The Jew And The Carrot

'The New Jewish Table' Puts Seasonal Twists on Bubbe's Classics

By Lauren Rothman

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Lauren Rothman
Roasted Heirloom Beet Salad with Capers and Pistachios

After more than 15 years of marriage to his Jewish wife, chef Todd Gray considers himself something of an authority on Jewish food. But the James Beard Award-nominated chef of Equinox Restaurant in Washington, D.C. is quick to point out that he didn’t always know the difference between kreplach and kneidlach.

“I had no exposure to Jewish food prior to meeting Ellen,” Gray said, referring to his wife Kassoff Gray, who co-owns the restaurant. Together the couple has written The New Jewish Table: Modern Seasonal Recipes, which appeared in stores this month.

Gray hails from Fredericksburg, Va., where “the number of Jewish people could be counted on one hand,” he said. When he attended the Culinary Institute of America in Hyde Park, NY, he began trekking south into the city for tastes of bagels and pastrami sandwiches. But it wasn’t until he met Ellen — and soon afterwards, her Jewish family — that he gained a deeper understanding of the ingredients and traditions behind Eastern European-style Jewish food.

Ellen’s father Ed, in particular, inspired Gray. He has a “legendary affinity for latkes,” Gray said. And Ellen’s aunt Lil’s matzo ball soup was the first Jewish dish Gray cooked for his future wife.

The Grays have poured their years of knowledge of Jewish cuisine into the new cookbook. Inside are more than 125 recipes for updated dishes such as Beef Short Ribs in Red Wine and Matzo-Stuffed Cornish Game Hens. Like the food Gray cooks at his restaurant, the recipes stress seasonality — they’re bunched according to winter, spring, summer and fall — and call for local produce wherever possible.

The book is laid out cleanly and its glossy pages are full of bright, full-color photos. Home cooks who keep kosher will appreciate that each recipe is marked parve, dairy, or meat (note: some recipes mix milk and meat; such recipes are labeled “mixed”).

The cookbook’s March release date is perfect for Passover cooks looking for new inspiration this year. The book includes a holiday menu with items such as Quinoa Salad with Figs and Mint and Todd’s Modern Day Brisket, which calls on French ingredients such as mustard and a rich veal stock.

A salad of roasted beets, also included on the Passover menu, was easy to prepare: the red and golden beets are folded with a bright lemon dressing and salty-sweet elements such as golden raisins, capers and chopped pistachios. Even the cookbook’s more time-intensive recipes do not use advanced techniques, and are approachable for a home cook.

Interspersed between the recipes are anecdotes from the couple’s mixed marriage.

“Ellen has so many hilarious stories to tell about her Jewish household and all the food that seemed to flow through those Kassoffs,” Gray said.

Salad of Roasted Heirloom Beets with Capers and Pistachios

Parve Serves 6

Todd: I just love the combination of red and golden yellow beets in salads, but you have to be careful to bake the two separately so the former don’t bleed into the latter. It doesn’t affect the taste if they do, just the appearance, so try not to let the salad sit very long after you’ve added the dressing. For a bigger salad, you can mix this with baby salad greens and top with shaved Parmesan cheese.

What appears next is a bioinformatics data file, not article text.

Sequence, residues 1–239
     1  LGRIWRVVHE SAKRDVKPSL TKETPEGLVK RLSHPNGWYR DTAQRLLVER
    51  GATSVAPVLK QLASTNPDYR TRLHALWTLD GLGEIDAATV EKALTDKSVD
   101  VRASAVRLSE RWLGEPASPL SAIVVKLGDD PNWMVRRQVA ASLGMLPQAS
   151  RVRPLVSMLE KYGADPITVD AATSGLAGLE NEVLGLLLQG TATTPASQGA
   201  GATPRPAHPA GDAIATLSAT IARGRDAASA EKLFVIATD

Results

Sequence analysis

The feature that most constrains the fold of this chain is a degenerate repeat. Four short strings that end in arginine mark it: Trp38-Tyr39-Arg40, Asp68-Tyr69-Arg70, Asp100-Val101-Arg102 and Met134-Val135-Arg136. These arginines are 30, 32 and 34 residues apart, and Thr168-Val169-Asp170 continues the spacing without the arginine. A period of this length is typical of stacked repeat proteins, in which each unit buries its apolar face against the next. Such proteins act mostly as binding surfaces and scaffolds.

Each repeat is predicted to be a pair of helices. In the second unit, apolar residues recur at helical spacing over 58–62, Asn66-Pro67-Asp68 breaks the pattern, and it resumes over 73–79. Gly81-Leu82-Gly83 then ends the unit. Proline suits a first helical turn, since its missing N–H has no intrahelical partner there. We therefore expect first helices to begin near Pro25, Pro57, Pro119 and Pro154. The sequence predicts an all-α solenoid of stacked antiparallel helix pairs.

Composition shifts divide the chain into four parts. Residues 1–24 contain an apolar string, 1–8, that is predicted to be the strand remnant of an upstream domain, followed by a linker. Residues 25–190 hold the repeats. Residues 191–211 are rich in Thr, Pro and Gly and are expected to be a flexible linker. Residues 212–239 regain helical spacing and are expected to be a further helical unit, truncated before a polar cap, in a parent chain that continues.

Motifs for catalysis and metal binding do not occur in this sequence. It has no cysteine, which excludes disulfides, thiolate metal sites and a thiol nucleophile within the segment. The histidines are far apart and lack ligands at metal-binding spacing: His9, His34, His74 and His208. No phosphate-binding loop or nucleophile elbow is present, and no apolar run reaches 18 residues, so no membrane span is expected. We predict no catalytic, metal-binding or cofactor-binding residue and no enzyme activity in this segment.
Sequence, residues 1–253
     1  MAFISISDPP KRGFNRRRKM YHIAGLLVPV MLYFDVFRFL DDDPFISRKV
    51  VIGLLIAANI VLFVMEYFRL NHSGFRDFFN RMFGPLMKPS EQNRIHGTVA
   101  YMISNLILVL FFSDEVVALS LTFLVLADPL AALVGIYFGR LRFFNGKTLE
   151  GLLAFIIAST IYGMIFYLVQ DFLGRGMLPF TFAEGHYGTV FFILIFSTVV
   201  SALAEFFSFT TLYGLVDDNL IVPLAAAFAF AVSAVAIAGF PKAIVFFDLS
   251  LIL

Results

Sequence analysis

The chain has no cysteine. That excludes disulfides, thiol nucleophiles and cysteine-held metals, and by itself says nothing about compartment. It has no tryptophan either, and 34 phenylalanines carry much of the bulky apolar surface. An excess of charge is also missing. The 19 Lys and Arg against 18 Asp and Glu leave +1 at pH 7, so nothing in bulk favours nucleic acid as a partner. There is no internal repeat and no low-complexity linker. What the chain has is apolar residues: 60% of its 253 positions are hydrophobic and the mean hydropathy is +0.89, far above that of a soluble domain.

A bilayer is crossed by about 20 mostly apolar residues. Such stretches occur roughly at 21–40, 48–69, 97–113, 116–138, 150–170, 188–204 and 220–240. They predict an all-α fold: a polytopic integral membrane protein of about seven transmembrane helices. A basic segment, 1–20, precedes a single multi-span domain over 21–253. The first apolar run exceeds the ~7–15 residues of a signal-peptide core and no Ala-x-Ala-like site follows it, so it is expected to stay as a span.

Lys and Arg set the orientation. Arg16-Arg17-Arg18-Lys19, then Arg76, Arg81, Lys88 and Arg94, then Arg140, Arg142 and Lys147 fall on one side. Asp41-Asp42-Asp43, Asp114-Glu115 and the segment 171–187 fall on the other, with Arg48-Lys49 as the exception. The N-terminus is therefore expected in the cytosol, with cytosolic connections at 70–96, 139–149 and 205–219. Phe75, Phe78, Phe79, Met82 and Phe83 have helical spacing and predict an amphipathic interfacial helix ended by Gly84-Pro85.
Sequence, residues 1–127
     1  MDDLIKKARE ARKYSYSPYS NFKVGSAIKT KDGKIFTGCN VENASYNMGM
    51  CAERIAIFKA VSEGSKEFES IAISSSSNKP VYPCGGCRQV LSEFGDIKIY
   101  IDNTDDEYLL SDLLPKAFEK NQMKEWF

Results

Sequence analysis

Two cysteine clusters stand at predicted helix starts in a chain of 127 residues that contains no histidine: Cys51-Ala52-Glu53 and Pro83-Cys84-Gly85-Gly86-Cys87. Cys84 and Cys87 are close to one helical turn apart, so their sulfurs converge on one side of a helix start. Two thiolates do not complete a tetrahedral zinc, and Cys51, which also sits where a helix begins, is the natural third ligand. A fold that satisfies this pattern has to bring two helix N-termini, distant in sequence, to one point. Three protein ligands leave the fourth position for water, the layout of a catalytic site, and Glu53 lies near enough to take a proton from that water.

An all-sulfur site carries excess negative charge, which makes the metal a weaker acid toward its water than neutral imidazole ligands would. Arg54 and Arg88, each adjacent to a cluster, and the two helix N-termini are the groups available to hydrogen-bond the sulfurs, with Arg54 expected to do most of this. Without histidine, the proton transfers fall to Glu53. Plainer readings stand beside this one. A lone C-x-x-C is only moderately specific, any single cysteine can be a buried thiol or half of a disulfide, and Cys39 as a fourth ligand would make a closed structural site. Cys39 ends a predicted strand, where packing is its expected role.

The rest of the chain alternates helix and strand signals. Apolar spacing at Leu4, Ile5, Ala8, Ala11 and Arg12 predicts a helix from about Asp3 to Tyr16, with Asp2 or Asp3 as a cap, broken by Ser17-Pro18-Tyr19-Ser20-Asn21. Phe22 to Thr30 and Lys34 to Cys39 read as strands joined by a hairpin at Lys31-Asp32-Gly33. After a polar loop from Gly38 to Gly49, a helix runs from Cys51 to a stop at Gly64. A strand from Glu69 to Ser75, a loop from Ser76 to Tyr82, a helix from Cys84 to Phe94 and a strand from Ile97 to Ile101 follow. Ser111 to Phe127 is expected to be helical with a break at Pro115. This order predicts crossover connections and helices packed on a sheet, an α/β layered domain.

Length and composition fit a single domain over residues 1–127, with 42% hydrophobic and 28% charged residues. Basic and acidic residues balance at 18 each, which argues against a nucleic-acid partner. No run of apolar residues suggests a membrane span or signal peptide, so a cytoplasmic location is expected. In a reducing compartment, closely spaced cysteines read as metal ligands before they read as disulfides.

2 medium red beets
2 medium golden beets
1 tablespoon olive oil
Freshly ground black pepper
1/4 cup golden raisins
1/2 cup toasted chopped pistachios
3 tablespoons capers, rinsed and drained
1 medium red onion, thinly sliced
1 small bunch fresh chives, cut into 1/2-inch pieces
1/2 cup Lemon Vinaigrette (recipe follows)

Bake the beets. Preheat the oven to 325°F. Rub the olive oil over the beets and sprinkle them with salt and pepper. Loosely wrap each type in a separate aluminum foil packet. Place them in the oven and roast until the beets are tender and can be easily pierced with a sharp knife—about 60 minutes. Transfer the packets to a wire rack, unfold the foil, and let the beets cool. Peel the beets (use rubber gloves to keep your hands from staining) and cut them into bite-size chunks; place in a large bowl.

Soak the raisins. Meanwhile, place the raisins in a small bowl. Add hot water to cover and set aside to soak for 1 hour. Drain the raisins in a mesh strainer before using.

Mix the salad. Add the pistachios, capers, raisins, and onions to the bowl with the beets. Pour in the Lemon Vinaigrette and toss to mix. Taste the salad and add more salt or pepper if you wish.

Lemon Vinaigrette Makes 1 cup

Squeeze enough lemons to produce 1⁄3 cup juice (about 2 medium lemons) and strain it into a small bowl. Add 1⁄3 cup olive oil, 1⁄3 cup canola oil, 1 teaspoon salt, and 1⁄8 teaspoon freshly ground black pepper. Whisk together until combined.

Toasting Seeds and Nuts You can toast seeds and nuts in a toaster oven or your regular oven. Ellen likes to spray them with olive oil and sprinkle them with salt before toasting—this gives them a flavor boost and helps them to brown. Preheat the oven to 325°F. Spread the seeds or nuts on a baking sheet and bake until nicely toasted, stirring or shaking as necessary so they evenly brown—for about 5 minutes. Let the seeds or nuts cool before you crush them or add them to room temperature or cold ingredients. That’s all there is to it.

Permalink | | Share | Email | Print | Filed under: the new jewish table, todd gray, shabbat recipes, passover recipes, kosher cookbook, jewish cookbook, Jewish cooking, equinox restaurant

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